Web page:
Racism's Compounded Effects over Time Mean Poorer Health for African American Elders

By Kwate, Naa Oyo A. | Aging Today, September/October 2014 | Go to article overview

Racism's Compounded Effects over Time Mean Poorer Health for African American Elders


Kwate, Naa Oyo A., Aging Today


Racism exerts pernicious effects on the lives of African Americans. Researchers argue that living with the chronic stress of discrimination-both from major events and "day-to-day" encounters-creates wear and tear in the body, resulting in poor health. Discrimination is associated with a number of mental and physical health problems, including arterial calcification, abdominal fat, psychiatric symptoms and substance use, according to Paradies in the International Journal of Epidemiology (35, 2006).

Effects of Racism Build Up Over Time

Among older African Americans, discrimination is associated with higher blood pressure, inflammatory cytokines and even higher risk of mortality, according to Barnes et al. in the American Journal of Public Health (98:7, 2008), Lewis et al. in Brain, Behavior and Immunity (24:3, 2010) and Lewis et al. in The Journals of Gerontology (64A:9, 2009). Research across the globe also has shown that there is a social gradient in health. On a scale from least resources to most, health is better for those at higher points on the scale. It is not simply a matter of poor versus rich. The more resources one has the better, across the spectrum. Racism depletes and jeopardizes resources and, as a result, it compromises the aging process for African American older adults. Three such resources are employment income, housing and retail.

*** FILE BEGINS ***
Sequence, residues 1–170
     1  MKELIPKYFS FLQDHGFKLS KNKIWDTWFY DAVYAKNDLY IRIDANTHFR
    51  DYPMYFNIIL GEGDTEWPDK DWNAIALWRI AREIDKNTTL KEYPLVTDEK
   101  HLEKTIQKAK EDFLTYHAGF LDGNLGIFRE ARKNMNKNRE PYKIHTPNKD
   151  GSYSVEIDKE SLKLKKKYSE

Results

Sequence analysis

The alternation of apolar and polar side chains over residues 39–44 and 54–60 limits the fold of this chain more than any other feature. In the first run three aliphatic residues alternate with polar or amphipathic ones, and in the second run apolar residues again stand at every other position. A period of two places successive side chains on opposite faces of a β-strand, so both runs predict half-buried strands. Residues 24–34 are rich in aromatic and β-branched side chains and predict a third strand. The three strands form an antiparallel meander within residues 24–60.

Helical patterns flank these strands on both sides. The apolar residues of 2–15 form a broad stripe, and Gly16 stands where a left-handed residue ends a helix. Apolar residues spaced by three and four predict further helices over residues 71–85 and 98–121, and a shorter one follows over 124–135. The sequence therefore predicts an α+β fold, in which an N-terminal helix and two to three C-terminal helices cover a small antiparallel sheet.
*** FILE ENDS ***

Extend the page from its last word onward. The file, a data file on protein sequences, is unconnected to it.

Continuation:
Racism means fewer resources for African American elders throughout their lives, and a more precarious existence in retirement, where downward mobility is a real possibility. Racism in employment settings makes socioeconomic status unstable. African American workers are more likely to be concentrated in sectors where jobs are dwindling or sent overseas, and they are "spatially mismatched" from their jobs: employers are more likely to be located in outlying suburbs, far from neighborhoods where African American

workers live. African American workers also are less likely to be hired and more likely to be fired. They see less return on wages from education, are paid less for the same work as their white counterparts and have fewer advancement opportunities.,Less employment and lower income puts African American elders farther down the social gradient, increasing health risk.

Disadvantaged in Home Security

Those facing downward mobility will be less able to maintain homes, too, creating housing risks. Consider the importance of housing security, particularly for older adults on fixed incomes. Their tenuous grasp on housing may collapse in extreme events. In New Orleans, racism relegated African Americans to housing in the most hazardous areas, causing tremendous losses in the wake of Hurricane Katrina, compounded by nonexistent state support. In New York City after Hurricane Sandy, African American elders in public housing were marooned in high-rise buildings without power, water, heat or access to food and other supplies.

Though owning a home should bring greater security than renting, African American older adults are significantly disadvantaged there, too. Entrenched segregation perpetuated by many parties constricts communities in which African Americans have bought homes-if they are able to buy. Redlining, restrictive covenants and other institutional practices shut out many such elders from homeownership, or shunt them into predatory markets that make homeownership an unstable proposition that undermines, rather than creates, wealth. …

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